NCCoE Publishes Final Cybersecurity Practice Guide on Mobile Application Solo Sign-On for First Responders

The National Cybersecurity Center of Excellence (NCCoE) at the National Institute of Standards and Technology (NIST) just published the latest edition of the NIST Cybersecurity Practice Guide SP 1800-13, Mobile Application Single Sign-On: Improving Authentication for Public Safety First Responders.

Public safety and first responder (PSFR) staff need on-demand access to public safety information to be able to give appropriate assistance and emergency care. So as to access the required information, PSFR personnel is very much dependent on mobile systems. By means of these platforms, PSFR staff could access the personal data and protected health information (PHI) of patients and sensitive law enforcement data; nevertheless, to protect sensitive data and to avoid unauthorized access, it is necessary to have strong authentication systems.

Those authentication systems are necessary to keep information protected and to secure privacy, however, they have the potential to prohibit PSFR staff and get in the way of them giving emergency assistance. Although authentication could only take mere seconds, any holdup in delivering emergency services could have serious implications and could risk life and death.

The Cybersecurity Practice Guide was created in cooperation with NIST’S Public Safety Communications Research laboratory and industry stakeholders and is designed to help take care of authentication problems to make sure sensitive information stays private and safe and PSFR employees can quickly obtain access to the information they require through mobile devices and linked software.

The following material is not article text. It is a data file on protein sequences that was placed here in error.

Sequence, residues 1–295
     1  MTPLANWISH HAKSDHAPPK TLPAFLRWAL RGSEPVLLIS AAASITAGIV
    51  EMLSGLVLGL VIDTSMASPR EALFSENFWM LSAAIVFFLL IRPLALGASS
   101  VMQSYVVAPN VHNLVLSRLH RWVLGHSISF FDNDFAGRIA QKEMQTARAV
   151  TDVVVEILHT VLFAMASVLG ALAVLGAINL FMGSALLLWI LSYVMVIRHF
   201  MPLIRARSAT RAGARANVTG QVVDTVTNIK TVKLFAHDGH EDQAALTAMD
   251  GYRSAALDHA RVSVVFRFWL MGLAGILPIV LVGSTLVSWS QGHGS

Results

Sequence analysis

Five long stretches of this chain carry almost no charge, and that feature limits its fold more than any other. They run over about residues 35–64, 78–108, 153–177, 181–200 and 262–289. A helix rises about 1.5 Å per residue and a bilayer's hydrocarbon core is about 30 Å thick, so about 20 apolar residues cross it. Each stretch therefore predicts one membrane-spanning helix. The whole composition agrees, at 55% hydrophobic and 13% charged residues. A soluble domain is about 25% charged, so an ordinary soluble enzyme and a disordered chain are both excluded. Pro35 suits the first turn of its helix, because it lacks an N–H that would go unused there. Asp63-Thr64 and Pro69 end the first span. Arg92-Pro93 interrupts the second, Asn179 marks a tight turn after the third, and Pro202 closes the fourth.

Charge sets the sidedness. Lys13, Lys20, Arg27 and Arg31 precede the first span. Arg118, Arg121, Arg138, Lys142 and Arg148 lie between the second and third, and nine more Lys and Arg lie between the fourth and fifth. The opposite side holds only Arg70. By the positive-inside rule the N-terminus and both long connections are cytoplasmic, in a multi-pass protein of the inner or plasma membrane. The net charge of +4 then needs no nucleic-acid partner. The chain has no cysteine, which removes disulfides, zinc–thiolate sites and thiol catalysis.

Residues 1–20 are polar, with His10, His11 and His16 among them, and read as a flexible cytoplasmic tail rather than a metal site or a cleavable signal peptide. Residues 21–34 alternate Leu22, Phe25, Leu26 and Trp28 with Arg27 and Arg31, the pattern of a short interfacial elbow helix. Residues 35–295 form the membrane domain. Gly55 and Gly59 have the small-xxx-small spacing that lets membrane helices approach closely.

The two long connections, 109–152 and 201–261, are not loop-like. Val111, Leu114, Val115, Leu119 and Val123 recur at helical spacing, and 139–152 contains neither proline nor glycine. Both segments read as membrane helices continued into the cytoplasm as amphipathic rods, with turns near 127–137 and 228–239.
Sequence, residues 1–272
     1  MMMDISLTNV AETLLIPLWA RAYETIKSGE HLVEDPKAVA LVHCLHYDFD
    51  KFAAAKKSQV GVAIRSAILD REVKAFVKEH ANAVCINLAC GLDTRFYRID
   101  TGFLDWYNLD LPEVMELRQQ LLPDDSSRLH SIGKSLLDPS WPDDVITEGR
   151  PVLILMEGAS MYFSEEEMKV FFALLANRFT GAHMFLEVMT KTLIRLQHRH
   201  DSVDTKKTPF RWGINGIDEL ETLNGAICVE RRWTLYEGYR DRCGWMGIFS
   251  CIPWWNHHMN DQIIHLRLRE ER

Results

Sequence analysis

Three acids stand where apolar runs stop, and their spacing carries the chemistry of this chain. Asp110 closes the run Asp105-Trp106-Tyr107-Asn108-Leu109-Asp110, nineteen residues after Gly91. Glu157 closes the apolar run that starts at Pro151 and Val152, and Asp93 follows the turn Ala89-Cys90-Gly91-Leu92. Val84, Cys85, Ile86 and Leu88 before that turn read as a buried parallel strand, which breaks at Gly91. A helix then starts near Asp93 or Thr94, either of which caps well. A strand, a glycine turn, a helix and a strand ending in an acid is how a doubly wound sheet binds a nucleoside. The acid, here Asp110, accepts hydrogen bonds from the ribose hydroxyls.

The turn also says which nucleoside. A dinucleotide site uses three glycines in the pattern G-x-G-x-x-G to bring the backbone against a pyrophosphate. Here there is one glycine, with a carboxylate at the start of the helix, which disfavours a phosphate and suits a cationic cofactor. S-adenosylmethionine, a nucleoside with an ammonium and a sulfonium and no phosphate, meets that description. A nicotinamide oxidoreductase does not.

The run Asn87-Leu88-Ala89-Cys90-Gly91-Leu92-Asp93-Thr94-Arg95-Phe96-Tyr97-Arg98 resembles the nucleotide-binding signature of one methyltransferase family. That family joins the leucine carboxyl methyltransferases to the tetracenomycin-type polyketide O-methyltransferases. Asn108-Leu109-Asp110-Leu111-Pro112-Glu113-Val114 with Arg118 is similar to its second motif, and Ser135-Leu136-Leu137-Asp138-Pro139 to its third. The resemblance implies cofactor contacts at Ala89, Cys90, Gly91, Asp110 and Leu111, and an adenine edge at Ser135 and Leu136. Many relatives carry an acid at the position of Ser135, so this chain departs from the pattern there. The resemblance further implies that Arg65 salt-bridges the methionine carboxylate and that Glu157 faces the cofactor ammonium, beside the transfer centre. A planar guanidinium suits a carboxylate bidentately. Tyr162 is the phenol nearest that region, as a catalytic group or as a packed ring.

The guide consists of a comprehensive example solution with abilities to deal with risk with proper security settings, together with a demonstration of the strategy utilizing commercially accessible products. Guidance is additionally provided for implementers and security engineers to allow them to incorporate the solution into their company’s enterprise and set it up in a way to accomplish security objectives with a nominal effect on operational effectiveness and cost.

This practice guide details a reference design for multifactor authentication and mobile individual sign-on for native and internet apps while enhancing interoperability between mobile systems, software, and identity providers, irrespective of the application development platform utilized in their construction,” mentioned NCCoE.

The NIST Cybersecurity Practice Guide is available on this page.

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Mark Wilson

Mark Wilson is a news reporter specializing in information technology cyber security. Mark has contributed to leading publications and spoken at international forums with a focus on cybersecurity threats and the importance of data privacy. Mark is a computer science graduate.